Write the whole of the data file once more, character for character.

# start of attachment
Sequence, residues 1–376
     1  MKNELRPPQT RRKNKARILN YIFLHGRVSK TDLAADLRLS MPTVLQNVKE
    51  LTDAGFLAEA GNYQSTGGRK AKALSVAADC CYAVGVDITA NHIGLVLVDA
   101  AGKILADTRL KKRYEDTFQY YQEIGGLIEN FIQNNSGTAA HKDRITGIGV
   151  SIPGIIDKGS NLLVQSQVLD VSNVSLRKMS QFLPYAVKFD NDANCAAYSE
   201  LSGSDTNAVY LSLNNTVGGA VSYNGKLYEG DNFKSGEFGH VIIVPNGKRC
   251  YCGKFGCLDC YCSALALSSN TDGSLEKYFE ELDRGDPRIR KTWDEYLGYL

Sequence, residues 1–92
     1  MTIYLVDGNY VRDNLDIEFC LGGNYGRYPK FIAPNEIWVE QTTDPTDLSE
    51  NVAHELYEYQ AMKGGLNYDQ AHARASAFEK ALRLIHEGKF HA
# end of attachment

Sequence, residues 1–376
     1  MKNELRPPQT RRKNKARILN YIFLHGRVSK TDLAADLRLS MPTVLQNVKE
    51  LTDAGFLAEA GNYQSTGGRK AKALSVAADC CYAVGVDITA NHIGLVLVDA
   101  AGKILADTRL KKRYEDTFQY YQEIGGLIEN FIQNNSGTAA HKDRITGIGV
   151  SIPGIIDKGS NLLVQSQVLD VSNVSLRKMS QFLPYAVKFD NDANCAAYSE
   201  LSGSDTNAVY LSLNNTVGGA VSYNGKLYEG DNFKSGEFGH VIIVPNGKRC
   251  YCGKFGCLDC YCSALALSSN TDGSLEKYFE ELDRGDPRIR KTWDEYLGYL

Sequence, residues 1–92
     1  MTIYLVDGNY VRDNLDIEFC LGGNYGRYPK FIAPNEIWVE QTTDPTDLSE
    51  NVAHELYEYQ AMKGGLNYDQ AHARASAFEK ALRLIHEGKF HA